Well-resourced PCCs, like Atlas, can provide cells with the regulatory expertise, infrastructure and economies of scale only usually found in well-developed incumbent insurers. Over the past decade, in preparation for the Solvency II regime that went live in 2016, Atlas kept adapting its risk governance and reporting procedures in a way that allows cells to focus on their specific risks and business plan while its core provides broader support to ensure regulatory and good governance requirements are met.
Common key governance functions including actuarial, risk management, compliance and internal audit apply across the PCC together with common regulatory processes and reporting, as one single legal entity.
Under Solvency II, a cell owner will typically only need to invest own funds equivalent to the cell’s notional solvency capital requirement, which, with small undertakings, often falls far below the typical standalone insurer minimums.
As one of the leading insurers in Malta, Atlas maintains substantial unrestricted surplus core funds over Solvency II capital requirements that, subject to our risk appetite, can be lent to cells. At all times, cells retain full protection of their assets, from liabilities of the core or other cells per legislation.
Our core has also assisted in micro-testing business models before cell formation including InsurTech ventures utilising block-chain smart contracts and cryptocurrency.
How are you fostering digital innovation?
Where there are barriers to entry for captives and start-ups including InsurTechs, PCCs like Atlas are enabling such new entrants into the insurance market promoting innovation. With such flexibility, and the various solutions PCCs can offer to challenges not even yet identified, this structure has only scratched the surface of its full potential.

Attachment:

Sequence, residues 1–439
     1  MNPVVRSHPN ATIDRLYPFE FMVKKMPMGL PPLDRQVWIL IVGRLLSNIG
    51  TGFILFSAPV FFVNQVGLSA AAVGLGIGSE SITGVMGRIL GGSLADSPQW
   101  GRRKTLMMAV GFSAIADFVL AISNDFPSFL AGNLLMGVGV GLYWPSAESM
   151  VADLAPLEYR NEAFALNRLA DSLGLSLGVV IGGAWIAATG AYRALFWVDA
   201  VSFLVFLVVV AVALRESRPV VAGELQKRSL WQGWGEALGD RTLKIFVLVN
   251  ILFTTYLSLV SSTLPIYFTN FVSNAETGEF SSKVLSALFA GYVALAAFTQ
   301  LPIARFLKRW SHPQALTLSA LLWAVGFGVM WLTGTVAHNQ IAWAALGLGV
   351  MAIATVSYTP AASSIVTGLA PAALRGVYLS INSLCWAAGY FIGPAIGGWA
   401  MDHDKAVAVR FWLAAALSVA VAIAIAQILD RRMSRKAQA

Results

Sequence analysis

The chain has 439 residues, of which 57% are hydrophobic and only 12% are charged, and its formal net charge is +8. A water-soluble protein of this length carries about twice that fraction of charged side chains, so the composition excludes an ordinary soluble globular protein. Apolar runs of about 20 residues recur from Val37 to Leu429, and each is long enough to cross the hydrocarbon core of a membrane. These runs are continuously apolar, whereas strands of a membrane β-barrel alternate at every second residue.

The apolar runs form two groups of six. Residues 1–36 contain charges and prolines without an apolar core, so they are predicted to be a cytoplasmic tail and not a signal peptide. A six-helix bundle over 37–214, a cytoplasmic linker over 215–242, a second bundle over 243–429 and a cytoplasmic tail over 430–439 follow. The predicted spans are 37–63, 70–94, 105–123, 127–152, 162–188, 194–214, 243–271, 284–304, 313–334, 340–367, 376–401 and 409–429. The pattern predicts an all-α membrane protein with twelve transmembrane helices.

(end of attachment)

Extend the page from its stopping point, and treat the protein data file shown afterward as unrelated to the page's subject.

In our local domestic business in Malta, technology, including digital media, is one of Atlas’s largest departments as we believe in investment in digital innovation. This helped us move to paperless, improve efficiency and provide additional customers services. Complementing our online services, back in 2012 we were amongst the first locally to launch our popular chat facility, which we now consider to be a virtual branch.
In terms of regulatory transformation, what are the greatest concerns for Atlas in light of the increase and complexity of regulations?
When operating internationally, we need to adapt to different regulations across countries. Despite attempts at harmonisations, even within the EU you will find differences between countries in consumer regulation, mandatory risk pools, insurance taxation and other local compliance expectations and practices. This hinders the development of truly Pan-EU products and services.
Where possible, organisations can obtain economies of scale through joint ventures and associations to share compliance knowledge and resources. As discussed, we see this occur naturally with the PCC structure where individual cells gain from the shared talent of the wider company.